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Does God Exist?: Hegel and Things


David Gray Carlson


Yeshiva University - Benjamin N. Cardozo School of Law

2003

Cardozo Law, Legal Studies Research Paper No. 84

Abstract:     
This paper addresses God's existence, according to Hegel. Does God exist? For Hegel, the question does not make sense, because existence (basically the symbolic realm of language and thought - the realm of things) is inadequate to God's concept. People who ask the question, Does God exist? are in search of a proof or a ground in which to assure the questioner that God does or does not exist. Hegel argues, however, that any such ground is by definition finite. What Hegel does is to attack the question Does God exist? on the side of existence. Since existence implies finite things, any adduced ground of God is a finite thing that must waft away, like all other finite things. The paper analysis the middle chapters of essence in Hegel's monumental Science of Logic. It is the fifth nstallment of the author's attempt to explicate this neglected work with a pictographic system that illustrates every logical step Hegel makes in his master work. The middle chapters of essence analyze the nature of things and show them to be finite. The import of Hegel's analysis upon the metaphysics is that any purported ground of God - some specific proof - is itself a thing that is finite and must waft away. Only when the deck is cleared of all finite things can God (in its infinitude) be appreciated in its true notion. The paper defers, however, for a later day, Hegel's ultimate ontological proof of God which exceeds the mediocre realm of mere existence.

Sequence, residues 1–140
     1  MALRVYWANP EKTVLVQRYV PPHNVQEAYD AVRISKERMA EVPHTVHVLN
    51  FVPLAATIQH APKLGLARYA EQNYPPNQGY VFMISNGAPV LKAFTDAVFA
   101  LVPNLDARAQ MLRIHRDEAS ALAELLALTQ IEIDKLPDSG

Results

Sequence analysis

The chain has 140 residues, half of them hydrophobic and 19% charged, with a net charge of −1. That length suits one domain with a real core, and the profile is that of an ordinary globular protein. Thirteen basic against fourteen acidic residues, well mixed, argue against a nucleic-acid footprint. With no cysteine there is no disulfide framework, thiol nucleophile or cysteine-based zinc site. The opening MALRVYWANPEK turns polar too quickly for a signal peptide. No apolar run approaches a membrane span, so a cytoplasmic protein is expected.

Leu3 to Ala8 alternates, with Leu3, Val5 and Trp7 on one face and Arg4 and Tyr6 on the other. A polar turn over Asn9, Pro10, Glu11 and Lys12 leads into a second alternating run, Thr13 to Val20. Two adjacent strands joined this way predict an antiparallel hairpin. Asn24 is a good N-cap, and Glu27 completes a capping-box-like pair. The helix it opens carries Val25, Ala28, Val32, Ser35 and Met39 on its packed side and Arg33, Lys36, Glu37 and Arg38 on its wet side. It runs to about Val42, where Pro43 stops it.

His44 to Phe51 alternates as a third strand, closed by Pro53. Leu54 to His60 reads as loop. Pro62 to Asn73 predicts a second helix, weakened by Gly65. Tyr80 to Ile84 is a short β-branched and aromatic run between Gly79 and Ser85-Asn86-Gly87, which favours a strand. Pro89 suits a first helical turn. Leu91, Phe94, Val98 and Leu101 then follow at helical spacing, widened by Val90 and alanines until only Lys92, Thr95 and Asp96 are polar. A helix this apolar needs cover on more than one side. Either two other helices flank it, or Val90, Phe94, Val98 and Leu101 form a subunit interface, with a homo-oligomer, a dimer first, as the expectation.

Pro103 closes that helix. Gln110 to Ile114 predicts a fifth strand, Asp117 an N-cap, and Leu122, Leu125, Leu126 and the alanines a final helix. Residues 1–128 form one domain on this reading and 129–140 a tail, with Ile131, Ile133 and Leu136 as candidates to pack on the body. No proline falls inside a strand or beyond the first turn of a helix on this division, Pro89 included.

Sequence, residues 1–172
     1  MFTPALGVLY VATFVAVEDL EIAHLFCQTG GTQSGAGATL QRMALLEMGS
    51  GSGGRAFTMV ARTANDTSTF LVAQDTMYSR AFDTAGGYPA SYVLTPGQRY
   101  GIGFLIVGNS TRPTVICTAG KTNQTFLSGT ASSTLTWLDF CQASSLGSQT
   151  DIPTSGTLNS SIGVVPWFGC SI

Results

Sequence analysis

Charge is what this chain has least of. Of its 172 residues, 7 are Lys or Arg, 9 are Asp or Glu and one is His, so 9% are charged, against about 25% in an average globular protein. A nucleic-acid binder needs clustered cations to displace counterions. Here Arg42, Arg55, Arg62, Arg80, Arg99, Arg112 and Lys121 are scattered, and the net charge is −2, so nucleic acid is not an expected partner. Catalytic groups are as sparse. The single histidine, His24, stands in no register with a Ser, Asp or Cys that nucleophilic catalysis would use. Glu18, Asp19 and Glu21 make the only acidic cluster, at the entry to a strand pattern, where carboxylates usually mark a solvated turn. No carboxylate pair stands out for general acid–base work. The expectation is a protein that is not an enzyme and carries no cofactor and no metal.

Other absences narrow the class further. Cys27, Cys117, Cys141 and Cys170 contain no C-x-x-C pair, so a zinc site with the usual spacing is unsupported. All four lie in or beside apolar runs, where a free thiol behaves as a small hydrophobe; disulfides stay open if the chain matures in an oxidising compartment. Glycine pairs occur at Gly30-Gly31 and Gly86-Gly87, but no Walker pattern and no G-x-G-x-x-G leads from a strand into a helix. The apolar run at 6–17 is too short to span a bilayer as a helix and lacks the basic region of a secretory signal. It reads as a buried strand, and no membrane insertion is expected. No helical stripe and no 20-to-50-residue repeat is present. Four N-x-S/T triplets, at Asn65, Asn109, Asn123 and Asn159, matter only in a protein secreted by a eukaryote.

Number of Pages in PDF File: 96

Keywords: God, Hegel, metaphysics

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Date posted: March 21, 2004  

Suggested Citation

Carlson, David Gray, Does God Exist?: Hegel and Things (2003). Cardozo Law, Legal Studies Research Paper No. 84. Available at SSRN: http://ssrn.com/abstract=518164 or http://dx.doi.org/10.2139/ssrn.518164

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David Gray Carlson (Contact Author)
Yeshiva University - Benjamin N. Cardozo School of Law ( email )
55 Fifth Ave.
New York, NY 10003
United States
212-790-0210 (Phone)
212-790-0205 (Fax)

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